Publishing & /Advertising After 25 May ADPR Day

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Publishing & Advertising After 25 May – GDPR Day

Wednesday 2G

Convener: Doc Searls

Notes-taker(s): Scott Mace

Discussion notes, key understandings, outstanding questions, observations, and, if appropriate to this discussion: action items, next steps:

Wendell: IAB has put together a standard so that advertising can work. Another group of publishers represents the supply side of publishers. Jason Kint is one of their louder members, DCN, Digital Content Next, has been very negative about this whole proposal. It falls out on the lines of it will never fly.

Doc: Tell us what supply and demand are.

Wendell: We have this joke around the office. The activists were entirely right. The eyeballs are the product. This has been true ever since newspapers were made. As a publisher you’re creating something you can sell to an advertiser. Ameliorate with subscriptions. You can have a demand side platform. But advertisers want coveted demographics.

Doc: Advertising, if you’re P&G, you wanted to get everyone who reads the New Yorker, but it carried what was called an economic signal. Different discipline called direct marketing (junk mail) wanted to be personal. It wanted to be interactive in the sense the IAB wanted to be interactive. Digital world came along. DM wanted to target people personally. Banner ads died. I don’t want a publisher. I want to target eyeballs. Now it’s all direct marketing. The GDPR comes along. In spirit we want to protect the privacy of these people. It’s still important to have in our minds that there is this distinction between tradiitional brand-time advertising and direct marketing, which is now called advertising. People like me are saying it was wrong on its face to follow people even if you could get good results. The other part of me says maybe there is still room for sponsorship. The reason we have fake news and why it’s easy for Russian bot makers to make money is that this system rewards content. It doesn’t reward journalism. It rewards the maximum production of content. Newark Star-Ledger was advertising not for reporters but for content producers. Mentioned in the New York Times. The rise of ad blocking completely parallels the rise in tracking. It’s all correlation. You can’t prove they are related but the correlation is so high. It’s retargeting. What I’m hoping to see, is there anything you’re doing that’s useful to what we’re doing on our side, Customer Commons, 1.7 billion people blocking ads. That is a massive signal in the marketplace about a dysfunction. LJ has the luxury of being a publication that can figure this out.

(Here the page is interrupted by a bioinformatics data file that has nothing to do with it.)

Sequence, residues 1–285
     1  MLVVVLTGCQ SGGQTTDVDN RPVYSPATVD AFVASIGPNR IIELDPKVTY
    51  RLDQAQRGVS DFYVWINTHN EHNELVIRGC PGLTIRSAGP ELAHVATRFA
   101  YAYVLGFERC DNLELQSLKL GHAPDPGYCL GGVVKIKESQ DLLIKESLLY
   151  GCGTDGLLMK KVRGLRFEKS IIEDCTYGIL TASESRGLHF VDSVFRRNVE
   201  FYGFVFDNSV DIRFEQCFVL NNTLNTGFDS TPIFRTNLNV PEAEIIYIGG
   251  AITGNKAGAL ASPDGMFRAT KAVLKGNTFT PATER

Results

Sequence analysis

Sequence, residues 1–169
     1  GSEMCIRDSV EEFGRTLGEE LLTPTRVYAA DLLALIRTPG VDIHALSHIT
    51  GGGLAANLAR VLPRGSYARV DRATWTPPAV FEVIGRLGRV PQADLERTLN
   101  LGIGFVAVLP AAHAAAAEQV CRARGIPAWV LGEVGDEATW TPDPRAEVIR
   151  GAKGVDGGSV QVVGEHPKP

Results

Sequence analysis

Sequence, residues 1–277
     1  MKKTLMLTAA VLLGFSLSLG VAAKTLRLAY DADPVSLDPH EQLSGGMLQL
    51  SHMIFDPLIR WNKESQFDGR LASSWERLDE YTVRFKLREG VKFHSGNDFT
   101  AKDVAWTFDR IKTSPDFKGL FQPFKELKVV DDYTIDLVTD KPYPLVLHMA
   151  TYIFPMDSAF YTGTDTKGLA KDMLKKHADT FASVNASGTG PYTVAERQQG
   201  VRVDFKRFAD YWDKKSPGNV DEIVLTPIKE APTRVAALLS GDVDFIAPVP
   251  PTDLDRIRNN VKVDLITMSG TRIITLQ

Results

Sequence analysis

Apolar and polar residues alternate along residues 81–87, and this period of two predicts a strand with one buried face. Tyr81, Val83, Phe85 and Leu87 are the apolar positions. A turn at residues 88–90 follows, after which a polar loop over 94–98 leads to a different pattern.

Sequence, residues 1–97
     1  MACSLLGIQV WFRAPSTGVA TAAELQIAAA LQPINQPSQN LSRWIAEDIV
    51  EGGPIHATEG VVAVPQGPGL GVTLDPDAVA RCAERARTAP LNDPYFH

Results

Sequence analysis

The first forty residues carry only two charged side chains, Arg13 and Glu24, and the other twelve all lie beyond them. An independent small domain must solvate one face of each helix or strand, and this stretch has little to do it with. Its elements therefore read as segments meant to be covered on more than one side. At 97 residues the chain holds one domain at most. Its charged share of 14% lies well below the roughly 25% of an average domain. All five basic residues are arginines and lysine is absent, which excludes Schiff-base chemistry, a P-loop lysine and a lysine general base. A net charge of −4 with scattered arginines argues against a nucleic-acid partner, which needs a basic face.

Wendell: I read Project VRM. They’ve had this idea to signal consent. The question with those ideas was how to implement them and how to go get everyone to use them. The government of Europe has ordered this thing to happen. The trade groups have assembled a solution, some reference implementation, we at Oath adopted that.

Q: GDPR is about the European view of privacy. Advertising is only one pain point.

Iain Henderson: It’s the EU’s response to Silicon Valley. Competing for the sustainable future. EU isn’t going to win in a world where data is free.